• In Game & Watch Gallery 2 and Game & Watch Gallery 4, Donkey Kong was one of the minigames. It could be played in both modern and classic modes.
  • Two different ports of Donkey Kong have appeared on Virtual Console. The first, released in 2006, is essentially a direct port of the NES version, while the second, entitled Donkey Kong Original Edition (ドンキーコング オリジナルエディション), attempted to adhere to the arcade version, and was pre-installed for the European release of the Mario 25th Anniversary limited edition red Wii in 2010. This version restored some missing animations and the level 50m, which was cut from the NES version, although Donkey Kong mistakenly stands still in this level, and while the port's graphics are an improvement to the NES port, it is still inferior to the true arcade version, which remains unavailable on Virtual Console. The latter port was made available on the Nintendo eShop in Japan when a Club Nintendo member purchased the download version of one of two games, one of which was New Super Mario Bros. 2[11], from July 28, 2012 to September 2, 2012.[12] A similar promotion took place in the US between October 1, 2012 and January 6, 2013, exclusively to members of Club Nintendo who have, within the aforementioned time frame, linked their systems to their Club Nintendo accounts and have purchased the downloadable version of one of five select 3DS titles (one of which was Paper Mario: Sticker Star). There are currently no plans for a wide release of this version in the U.S., although it was released in Europe for the 3DS eShop on September 18, 2014.

Donkey Kong was also re-released as part of two compilation games, Donkey Kong Classics and Donkey Kong/Donkey Kong Jr./Mario Bros., and it is featured as a playable extra in the following titles:


Main article: List of Donkey Kong staff

The arcade version was produced by Gunpei Yokoi. Shigeru Miyamoto and Hiroshi Yamauchi directed the game while an uncredited Ikegami Tsushinki did programming duties, later leading to a lawsuit over which company owned the arcade code's rights. Intelligent Systems' own website claims credit for developing the NES port for Nintendo, though neither the cartridge nor title screen mentions the company and the Iwata Ask interview released for New Super Mario Bros. Wii states the game was developed by Nintendo Research & Development 2[13]. Landon Dyer programmed the DOS Version.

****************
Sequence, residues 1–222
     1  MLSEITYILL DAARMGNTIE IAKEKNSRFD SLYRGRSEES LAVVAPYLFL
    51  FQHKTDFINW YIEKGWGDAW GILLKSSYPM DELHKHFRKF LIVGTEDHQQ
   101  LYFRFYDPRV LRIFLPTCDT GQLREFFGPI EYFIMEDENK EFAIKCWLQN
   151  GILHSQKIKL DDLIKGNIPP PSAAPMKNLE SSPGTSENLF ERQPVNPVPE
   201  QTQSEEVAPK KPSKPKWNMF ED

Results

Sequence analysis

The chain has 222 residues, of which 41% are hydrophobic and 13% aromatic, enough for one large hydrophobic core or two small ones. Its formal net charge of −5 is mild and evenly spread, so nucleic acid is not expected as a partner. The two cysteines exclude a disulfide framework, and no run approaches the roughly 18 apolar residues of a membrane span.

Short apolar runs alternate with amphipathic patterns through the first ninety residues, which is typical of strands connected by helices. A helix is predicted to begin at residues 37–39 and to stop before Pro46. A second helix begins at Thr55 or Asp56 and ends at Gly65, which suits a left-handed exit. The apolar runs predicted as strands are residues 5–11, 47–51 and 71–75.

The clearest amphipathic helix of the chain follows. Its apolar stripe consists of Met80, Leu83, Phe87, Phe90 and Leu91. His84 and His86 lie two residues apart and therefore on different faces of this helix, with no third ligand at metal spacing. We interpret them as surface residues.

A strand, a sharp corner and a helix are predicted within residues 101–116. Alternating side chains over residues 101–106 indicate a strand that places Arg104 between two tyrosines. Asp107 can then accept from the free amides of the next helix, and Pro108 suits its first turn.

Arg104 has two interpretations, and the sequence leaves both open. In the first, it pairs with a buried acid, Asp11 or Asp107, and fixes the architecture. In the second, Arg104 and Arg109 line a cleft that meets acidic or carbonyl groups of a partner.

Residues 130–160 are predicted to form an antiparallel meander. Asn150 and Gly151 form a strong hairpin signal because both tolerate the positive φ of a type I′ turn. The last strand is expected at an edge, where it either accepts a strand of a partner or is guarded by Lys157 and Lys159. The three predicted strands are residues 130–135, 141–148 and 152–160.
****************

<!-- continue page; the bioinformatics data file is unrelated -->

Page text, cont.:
For this subject's image gallery, see Gallery:Donkey Kong (game).

References in later games[edit]


The arcade machine found in the Frantic Factory.
  • The twenty-second board is the final level of the game; Jumpman instantly dies within eight seconds of playing in the level, regardless of how many lives the player has left. This bug, known as a kill screen, happens due to a programming oversight in which the game does not have enough memory to continue. Games such as Pac-Man and Duck Hunt also have kill screens.
  • Donkey Kong was the second platformer ever made; the 1980 game Space Panic was the first.
  • Even though Jumpman wears his signature red and blue clothing in the game, he wears blue and white clothing on the boxart for the NES port.
  • Donkey Kong was originally conceived as a Popeye game, with Bluto being in the spot of Donkey Kong, Popeye being Jumpman/Mario, and Olive Oyl being Lady/Pauline. The game ended up being changed due to Nintendo being unable to secure the license for Popeye, but Nintendo would later make the Popeye arcade game (1982) due to being able to get the rights. [14]
  • All three major characters were renamed in later appearances, with Jumpman changed to Mario in Nintendo of America's promotions, Lady changed to Pauline in Saturday Supercade, and lastly this game's Donkey Kong becoming Cranky Kong by the release of Donkey Kong Country.

External links[edit]


  1. ^ Iwata, Satoru et al. Iwata Asks: New Super Mario Bros. Wii. Nintendo. Retrieved May 01 2015
  2. ^ a b c d e f g Fahs, Travis.The Secret History of Donkey Kong, Gamasutra
  3. ^ a b c d e f g h Akagi, Masumi. Sore wa “Pong” kara Hajimatta, p. 305-307 (Translation available here)
  4. ^ Date info of Donkey Kong (FDS) from TMK, retrieved 11/25/2012
  5. ^ Date info of Donkey Kong (e-Reader) from TMK, retrieved 11/25/2012
  6. ^ - Donkey Kong - Game Info
  7. ^ Donkey Kong Operation Manual, pages 2 & 5
  8. ^ Donkey Kong Country instruction booklet, pages 6 & 27
  9. ^ A Discovery Channel documentary on video games reveals that Miyamoto wanted to make Donkey Kong tell a story, and also wrote the music for the game. YouTube. Referenced March 22, 2015
  10. ^ Sheff, David (1999). Game Over: Press Start to Continue: The Maturing of Mario. Wilton, Connecticut: Gamepress. Page 126.
  11. ^!/2012/07/new2dl.html
  12. ^
  13. ^ Iwata, Satoru et al. Iwata Asks: New Super Mario Bros. Wii. Nintendo. Retrieved May 01 2015
  14. ^